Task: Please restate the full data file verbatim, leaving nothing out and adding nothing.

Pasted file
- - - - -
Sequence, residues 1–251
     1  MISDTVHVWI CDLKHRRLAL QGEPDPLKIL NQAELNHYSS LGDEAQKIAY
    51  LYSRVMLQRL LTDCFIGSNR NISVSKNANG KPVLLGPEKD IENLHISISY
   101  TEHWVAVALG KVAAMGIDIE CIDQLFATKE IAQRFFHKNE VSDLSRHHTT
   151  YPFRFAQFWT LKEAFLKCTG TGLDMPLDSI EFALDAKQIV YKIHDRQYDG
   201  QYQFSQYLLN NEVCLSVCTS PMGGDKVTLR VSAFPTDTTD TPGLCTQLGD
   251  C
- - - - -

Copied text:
Sequence, residues 1–251
     1  MISDTVHVWI CDLKHRRLAL QGEPDPLKIL NQAELNHYSS LGDEAQKIAY
    51  LYSRVMLQRL LTDCFIGSNR NISVSKNANG KPVLLGPEKD IENLHISISY
   101  TEHWVAVALG KVAAMGIDIE CIDQLFATKE IAQRFFHKNE VSDLSRHHTT
   151  YPFRFAQFWT LKEAFLKCTG TGLDMPLDSI EFALDAKQIV YKIHDRQYDG
   201  QYQFSQYLLN NEVCLSVCTS PMGGDKVTLR VSAFPTDTTD TPGLCTQLGD
   251  C